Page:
Le’aupepe has spoken often about his father in interviews, noting how he passed down a love of classical music that inspired the band’s frequent use of string arrangements. According to Le’aupepe, his father lived for beauty, and the palette of angel in realtime. is lush and rich. Each song introduces some dazzling new sound, like the showtune-style cheers on “returner” or the samples of traditional Cook Islander hymns that appear on “the man himself.” These experiments build toward “brothers,” a staggeringly raw highlight where the band strips everything away, leaving just Le’aupepe and a piano. With piercing clarity, he recounts the secrets that his late father never revealed to him, among them the fact that Le’aupepe has two brothers in New Zealand who believed their father to be already dead. It’s a devastating, knotty moment, and it feels like the raison d’être for the entire album: a way for Le’aupepe to reckon with his father’s legacy without getting lost in either idolatry or vilification.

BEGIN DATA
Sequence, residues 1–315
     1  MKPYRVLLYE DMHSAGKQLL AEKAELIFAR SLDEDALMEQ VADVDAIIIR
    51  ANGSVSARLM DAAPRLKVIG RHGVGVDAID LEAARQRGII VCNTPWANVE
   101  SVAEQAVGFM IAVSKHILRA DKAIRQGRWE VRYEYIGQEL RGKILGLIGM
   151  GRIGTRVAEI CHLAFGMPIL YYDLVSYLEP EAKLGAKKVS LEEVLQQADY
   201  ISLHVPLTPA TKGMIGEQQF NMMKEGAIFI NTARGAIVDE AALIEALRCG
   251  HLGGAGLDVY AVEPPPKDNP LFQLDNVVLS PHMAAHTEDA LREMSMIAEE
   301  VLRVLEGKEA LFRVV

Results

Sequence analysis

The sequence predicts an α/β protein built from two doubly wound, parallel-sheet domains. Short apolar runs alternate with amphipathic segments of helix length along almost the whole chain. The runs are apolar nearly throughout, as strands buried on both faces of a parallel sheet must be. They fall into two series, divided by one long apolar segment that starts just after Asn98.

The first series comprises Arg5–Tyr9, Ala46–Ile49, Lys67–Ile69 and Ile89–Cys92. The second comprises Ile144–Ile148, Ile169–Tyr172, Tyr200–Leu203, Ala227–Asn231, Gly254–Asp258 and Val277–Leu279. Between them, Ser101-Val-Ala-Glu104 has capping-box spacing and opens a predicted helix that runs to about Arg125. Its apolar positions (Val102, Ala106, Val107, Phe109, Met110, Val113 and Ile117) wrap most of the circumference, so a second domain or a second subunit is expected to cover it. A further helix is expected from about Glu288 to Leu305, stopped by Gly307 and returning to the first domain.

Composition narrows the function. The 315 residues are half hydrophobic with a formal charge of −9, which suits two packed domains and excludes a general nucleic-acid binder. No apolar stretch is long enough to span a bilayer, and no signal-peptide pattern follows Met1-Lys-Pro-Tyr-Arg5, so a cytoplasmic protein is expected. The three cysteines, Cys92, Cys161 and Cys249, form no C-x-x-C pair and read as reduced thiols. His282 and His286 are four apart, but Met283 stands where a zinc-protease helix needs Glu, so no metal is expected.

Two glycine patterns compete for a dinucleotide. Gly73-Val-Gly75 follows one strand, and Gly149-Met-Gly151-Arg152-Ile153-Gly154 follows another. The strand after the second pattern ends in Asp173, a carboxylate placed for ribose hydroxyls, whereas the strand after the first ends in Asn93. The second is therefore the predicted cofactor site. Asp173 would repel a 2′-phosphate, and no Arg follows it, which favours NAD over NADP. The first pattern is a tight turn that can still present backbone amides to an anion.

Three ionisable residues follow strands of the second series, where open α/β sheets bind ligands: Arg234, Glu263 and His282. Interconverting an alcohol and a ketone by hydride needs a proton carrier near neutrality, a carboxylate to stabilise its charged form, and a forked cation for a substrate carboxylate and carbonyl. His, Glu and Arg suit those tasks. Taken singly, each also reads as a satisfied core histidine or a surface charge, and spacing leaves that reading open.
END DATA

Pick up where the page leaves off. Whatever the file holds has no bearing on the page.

When Le’aupepe attempts to make sense not only of his father’s passing but also of his life, he hits his stride. On “tend the garden,” he inhabits his father’s perspective as he moved from Samoa to New Zealand to Australia. “I hope that one day if they find my sons/They’ll tell ’em everything that I’ve become,” he sings, underscored with soulful, Avalanches-style electronic pop. It’s a successful experiment and a rare display of restraint: Unlike some songs, which feel like overstuffed suitcases waiting to burst the minute they hit the baggage carousel, there’s an ease and spaciousness here. Go Farther in Lightness often sounded like a melange of influences done well, but the highlights on angel in realtime. zero in on Gang of Youths’ own territory. That so many songs reference electronic music is smart: Le’aupepe has always moved like a dancer on stage, and he imbues many of his performances here with that graceful quality.